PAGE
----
Asha is a little girl of four. When I first met her and her mother Gita they were living on the verandah of Gita’s mother’s house. Inside the one room house (5 by 5mtr) lived Gita’s mother, brother and his wife and child. Gita had no toilet and was making her house out of packing crates. Asha’s eyes were big with fear and she wouldn’t go to anyone else to be held. She had already seen too much. Asha’s father had been an abusive alcoholic. Asha’s mother had had the courage to escape a man who had physically and mentally abused her. Asha was covered in heat rash because her mother lived under a tin roof in 47c degree heat.
It was very lucky that Asha’s grandmother allowed Gita and Asha to live on her verandah, otherwise Gita may have had to become a prostitute or search through the garbage for recyclables to make ends meet. Being uneducated and without money, she had few options. Now Gita sells chillies on the side of the road. Asha would play in the dirt next to her. I wondered what kind of future Asha would have, I was moved by her plight.
Fortunately some generous Australians had gotten in touch with me and said they wished to sponsor a child. This family is not wealthy, the family consists of a single mother, a pensioner and her daughter. It moved me that living on so little in country town Australia, they were still able to set something aside to change the live of a little girl in desperate circumstances.
I enrolled Asha in a posh grammar school. This was only approx $50/mth. Only an excellent education will allow a child to overcome the intense competition that exists in India for good jobs. Asha’s Grandmother was very supportive of enrolling her in school and the whole family was willing to do the extra work to give her a good future.
Children go to school quite young in India. Asha was already considered old at 4! The morning I went to take Asha to school, she had already been awake from 5am because of excitement. Asha was beautifully dressed in her school uniform and ready for a new life. Her mother was also dressed nicely. It was very exciting for all of us. I have to say that if I died tomorrow, I would feel my life was meaningful just because of seeing this day, a little girl going towards hope.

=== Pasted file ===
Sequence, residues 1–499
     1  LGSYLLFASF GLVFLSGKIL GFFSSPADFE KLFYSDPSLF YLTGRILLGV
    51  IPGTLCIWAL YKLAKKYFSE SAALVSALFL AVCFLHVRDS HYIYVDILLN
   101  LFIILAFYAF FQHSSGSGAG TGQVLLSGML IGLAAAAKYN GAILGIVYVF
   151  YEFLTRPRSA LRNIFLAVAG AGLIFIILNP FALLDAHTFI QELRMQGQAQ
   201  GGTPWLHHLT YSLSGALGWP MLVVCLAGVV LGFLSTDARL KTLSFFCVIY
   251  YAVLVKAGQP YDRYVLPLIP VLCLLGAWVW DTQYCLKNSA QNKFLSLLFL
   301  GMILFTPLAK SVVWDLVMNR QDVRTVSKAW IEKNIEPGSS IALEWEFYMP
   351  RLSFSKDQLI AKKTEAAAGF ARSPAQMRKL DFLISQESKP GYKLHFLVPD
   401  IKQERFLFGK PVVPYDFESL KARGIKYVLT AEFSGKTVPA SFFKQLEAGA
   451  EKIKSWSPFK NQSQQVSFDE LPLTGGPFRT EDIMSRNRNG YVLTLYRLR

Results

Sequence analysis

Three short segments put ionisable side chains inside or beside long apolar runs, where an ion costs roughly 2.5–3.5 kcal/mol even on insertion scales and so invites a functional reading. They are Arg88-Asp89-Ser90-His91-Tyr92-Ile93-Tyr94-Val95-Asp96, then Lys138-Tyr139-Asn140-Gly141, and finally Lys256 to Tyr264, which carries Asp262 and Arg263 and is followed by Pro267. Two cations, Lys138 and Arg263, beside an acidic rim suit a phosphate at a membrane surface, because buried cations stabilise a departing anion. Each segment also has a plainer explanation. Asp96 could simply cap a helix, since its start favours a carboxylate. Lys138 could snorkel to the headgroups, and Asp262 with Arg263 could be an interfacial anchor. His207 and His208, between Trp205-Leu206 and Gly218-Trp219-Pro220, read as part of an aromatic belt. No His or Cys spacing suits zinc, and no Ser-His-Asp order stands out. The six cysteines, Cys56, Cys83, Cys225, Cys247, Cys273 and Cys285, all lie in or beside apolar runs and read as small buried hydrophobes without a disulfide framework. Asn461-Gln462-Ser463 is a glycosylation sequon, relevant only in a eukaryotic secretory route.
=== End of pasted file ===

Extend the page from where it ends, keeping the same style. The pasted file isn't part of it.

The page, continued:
We walked up the stairs of the school, which was like a huge office building. There’s something very satisfying about walking up the stairs of a bastion of power and elitism and demanding entry for a small child from the slum. Ironically, the school was surrounded by slums. It became clear to me that there are many more children in the world who need our help. In fact, according to UNICEF, 22000 children die each day, because of poverty related illnesses such as diarrhoea.
More girls have been killed in the last 50 years precisely because they were girls (100 million) than people slaughtered in all the atrocities of the 20th Century. More women died in child birth because of lack of maternal health care during the periods of the first and second world wars than men died in fighting these wars (from the book – Half the Sky – 2010).
After we enrolled Asha in school, we took her out for coffee and ice cream at a coffee shop with her mum and our other social worker. They had never been into an air conditioned place filled with mirrors and polite staff before. Asha is now very happy and has completed one year of school. We offer a bit of extra food to her family and books, school fees, uniforms and bus fare. She now has a future and can live life to her full potential. She has been given the gift of hope.